How to Boost Your Immune System by Tackling Stress on All Fronts

Have you ever had a stressful week, the kind where you’re pulling your hair out and barely sleeping, and then catch a cold within days? There’s a reason why stressed people get sick more often. Stress lowers your body’s defenses so that you’re vulnerable to bacteria and viruses.

The mind and body are so interwoven. Emotional stress can cause physical and biochemical stress within the body. But, many don’t know that the opposite is true as well. Research is showing that biochemical and physical stress can create more emotional stress. These three types of stress can feed into each other, leading to a vicious cycle. Once you’re caught in this cycle, it can be so difficult to break out of it.

Between cold and flu season, this is an important time to boost your immune system. In this busy time of year, practicing self-care is necessary. If you’re experiencing uncontrolled stress, you need to treat it holistically. I’m here to support you through this process and give my best tips for tackling stress on all fronts.

“It is never really the case that stress makes you sick, or even increases your risk of being sick. Stress increases your risk of getting diseases that make you sick, or if you have such a disease, stress increases the risk of your defenses being overwhelmed by the disease.” – Dr. Robert Sapolsky

How does stress affect the immune system? 

Stress has its roots in our evolution as a species. Our ability to respond to threats is a survival response. Think about it – if you’re being chased by a tiger, you have an emotional response. But you also immediately have a physical and biochemical response as well. This is the activation of your sympathetic nervous system, and is often called your fight-or-flight response. Your body pumps more blood to your muscles and heart so that you’re physically prepared to “face the tiger”. 

These days, most of us aren’t facing tigers. Most of our threats are non-physical, yet we’re still having a physical response. The threats of the modern world tend to be more chronic, such as a stressful work environment or family situation. Many people are spending most of their entire lives in a constant survival response, and they may not even know it because it’s been their norm for so long.

How does emotional stress lead to physical and biochemical changes?

When you experience a stressful event, you’re most likely aware of your emotional response. You might become anxious or upset. There are also physical changes that occur because of sympathetic activation. Your nervous system is closely linked to your endocrine and immune systems.1  When you experience stress, you disrupt all three of these systems.2 This happens through a few different pathways:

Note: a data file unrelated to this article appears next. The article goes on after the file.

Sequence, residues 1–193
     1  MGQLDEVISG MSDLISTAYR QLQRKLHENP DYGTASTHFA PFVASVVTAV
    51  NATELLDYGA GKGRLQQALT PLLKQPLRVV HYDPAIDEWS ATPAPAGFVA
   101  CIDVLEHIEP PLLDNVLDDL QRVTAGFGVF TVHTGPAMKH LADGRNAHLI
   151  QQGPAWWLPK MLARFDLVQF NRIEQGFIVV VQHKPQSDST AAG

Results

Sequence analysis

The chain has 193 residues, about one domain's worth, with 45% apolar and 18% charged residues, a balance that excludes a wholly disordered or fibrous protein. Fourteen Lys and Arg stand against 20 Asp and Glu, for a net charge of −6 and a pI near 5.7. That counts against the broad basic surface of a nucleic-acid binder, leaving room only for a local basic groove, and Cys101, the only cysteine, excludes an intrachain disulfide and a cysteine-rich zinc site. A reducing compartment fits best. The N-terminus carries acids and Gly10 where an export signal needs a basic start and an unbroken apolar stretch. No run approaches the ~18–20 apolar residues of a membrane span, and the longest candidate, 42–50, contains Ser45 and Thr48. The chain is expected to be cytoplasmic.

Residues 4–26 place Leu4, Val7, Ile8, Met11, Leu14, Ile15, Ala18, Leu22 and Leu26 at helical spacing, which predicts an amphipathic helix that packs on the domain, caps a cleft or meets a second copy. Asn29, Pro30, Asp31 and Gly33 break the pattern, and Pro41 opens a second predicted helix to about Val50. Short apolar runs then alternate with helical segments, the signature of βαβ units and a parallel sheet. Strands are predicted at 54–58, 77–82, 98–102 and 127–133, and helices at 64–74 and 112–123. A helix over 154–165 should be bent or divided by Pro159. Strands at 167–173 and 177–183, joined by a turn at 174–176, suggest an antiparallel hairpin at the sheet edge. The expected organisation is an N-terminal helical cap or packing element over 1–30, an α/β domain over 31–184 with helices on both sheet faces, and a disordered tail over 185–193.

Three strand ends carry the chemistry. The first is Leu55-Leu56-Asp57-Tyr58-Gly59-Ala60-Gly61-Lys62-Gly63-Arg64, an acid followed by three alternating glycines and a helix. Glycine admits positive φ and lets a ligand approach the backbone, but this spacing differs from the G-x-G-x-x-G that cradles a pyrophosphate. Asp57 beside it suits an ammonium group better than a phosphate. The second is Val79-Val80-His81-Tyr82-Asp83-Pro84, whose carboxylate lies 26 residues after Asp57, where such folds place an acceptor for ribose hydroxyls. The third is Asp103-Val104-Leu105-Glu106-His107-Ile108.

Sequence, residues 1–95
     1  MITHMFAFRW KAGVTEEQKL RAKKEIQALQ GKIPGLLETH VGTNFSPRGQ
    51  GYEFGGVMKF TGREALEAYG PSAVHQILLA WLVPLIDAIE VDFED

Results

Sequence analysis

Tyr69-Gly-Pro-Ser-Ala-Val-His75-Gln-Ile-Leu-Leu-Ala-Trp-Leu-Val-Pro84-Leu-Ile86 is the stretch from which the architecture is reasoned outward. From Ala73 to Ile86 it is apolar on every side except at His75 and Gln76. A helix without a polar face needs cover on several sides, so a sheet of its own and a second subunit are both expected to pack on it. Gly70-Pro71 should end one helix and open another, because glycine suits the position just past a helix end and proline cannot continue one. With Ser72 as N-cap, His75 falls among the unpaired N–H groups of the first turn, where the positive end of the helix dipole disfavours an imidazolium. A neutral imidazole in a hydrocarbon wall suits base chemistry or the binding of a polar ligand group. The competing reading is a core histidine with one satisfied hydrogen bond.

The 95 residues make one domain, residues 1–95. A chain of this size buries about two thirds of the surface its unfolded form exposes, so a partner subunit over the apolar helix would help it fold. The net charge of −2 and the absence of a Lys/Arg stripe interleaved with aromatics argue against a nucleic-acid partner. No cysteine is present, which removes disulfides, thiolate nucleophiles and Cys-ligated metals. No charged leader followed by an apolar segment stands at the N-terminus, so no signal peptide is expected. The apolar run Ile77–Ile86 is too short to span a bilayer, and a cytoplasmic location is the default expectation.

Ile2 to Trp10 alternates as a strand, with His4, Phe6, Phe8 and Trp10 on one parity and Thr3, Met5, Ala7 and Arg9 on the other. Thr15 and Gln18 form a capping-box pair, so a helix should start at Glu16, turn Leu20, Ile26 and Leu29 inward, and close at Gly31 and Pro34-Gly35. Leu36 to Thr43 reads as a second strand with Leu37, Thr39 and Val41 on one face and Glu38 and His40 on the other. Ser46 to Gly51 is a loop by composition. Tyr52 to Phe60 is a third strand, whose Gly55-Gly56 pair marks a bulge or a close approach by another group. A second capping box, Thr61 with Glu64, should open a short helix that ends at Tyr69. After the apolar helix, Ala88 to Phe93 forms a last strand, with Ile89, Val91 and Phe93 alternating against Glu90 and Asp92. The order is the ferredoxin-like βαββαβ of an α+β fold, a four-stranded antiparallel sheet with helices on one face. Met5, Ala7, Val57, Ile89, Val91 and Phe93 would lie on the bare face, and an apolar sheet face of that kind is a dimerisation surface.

1. Sympathetic nerve fibers come from the brain into the lymphoid tissues. When your stress response turns on, these nerve fibers can release substances that bind to white blood cell receptors.2
  2. Stress can cause the production of proinflammatory cytokines, leading to a less efficient immune system.1
  3. Stress disrupts the delicate balance of hormones within your body, which can worsen your immune function.2
  4. Many people respond to stress by eating unhealthy foods, drinking alcohol, and not sleeping. This can cause more inflammation and damage to the immune system.3

Psychological, physical and biochemical stress can interplay and feed into each other. This can cause a downward spiral of stress, inflammation, and weakened immune response.

As we’ve discussed, stress causes inflammation in the body. If this inflammation becomes chronic, it can actually cause changes to your brain. Inflammation can alter your fear regulation and emotional response.4 As a result, you won’t be able to cope with stress as well, leading to more stress. This is why it’s so necessary to take a holistic approach to bring down stress levels.

How do I tackle stress?

Because there can be so many factors at play, you must tackle stress on all fronts – physical, emotional/mental, and biochemical. Efforts should target reducing inflammation, balancing the nervous system, and getting your immune system back online. Here are my best recommendations for strategies and methods to reduce the impact of stress…

How to Reduce Physical Stress

Your physical body is like a luxury vehicle that needs regular maintenance. As you age, you’ll naturally have some wear and tear. Aging alone may cause increased inflammation.5 Fortunately, there are many treatments that can help.

  • Regular physical activity – Exercise can reduce fat mass, which brings down inflammation in the tissues.5 
  • Massage therapy – Massage can help reduce muscle damage and inflammation after exercise.6 It’s also a great way to relax and balance your nervous system.
  • Chiropractic care – If you think about it, a large part of your nervous system lives in your spinal column. Evidence shows that chiropractic care helps with nervous system regulation.7
  • Epsom salt baths – Magnesium is a mineral that plays a vital role in the health of your brain and nervous system. Taking Epsom salt baths allows for magnesium sulfate to enter your body through the skin.8
  • Cryotherapy – Cryotherapy, also known as cold therapy, involves full-body cold exposure. Research supports that it can reduce muscle damage and tissue inflammation.9
  • Infrared sauna – A recent study of over 2000 men showed that sauna therapy reduced levels of C-reactive protein (an inflammatory marker in the body).10 Infrared saunas allow you to achieve these results at lower temperatures than regular saunas.
  • IV drip therapy – IV therapy can give you a boost of minerals and nutrients you may need to detoxify and reduce inflammation.
  • Hyperbaric oxygen therapy (HBOT) – HBOT helps your immune system in a few different ways. It sends more oxygen into the tissues and blocks toxins in certain bacteria. It also boosts the functioning of your white blood cells.11

If you’re interested in trying any of these treatments, check out Restore Hyper Wellness. Restore offers cryotherapy, IV drip therapy, HBOT, and more. My clients receive 15% off of your first treatment.

How to Reduce Emotional Stress

What if I told you that a stressful event didn’t have to throw you into a spiral of anxiety? This may seem far-fetched because most of us were never taught how to regulate our own emotions. This is why so many people turn to substances, unhealthy food, or other negative coping skills. To bounce back from stress, you need to learn how to regulate your own emotions. The best skill I’ve learned for this is HeartMath.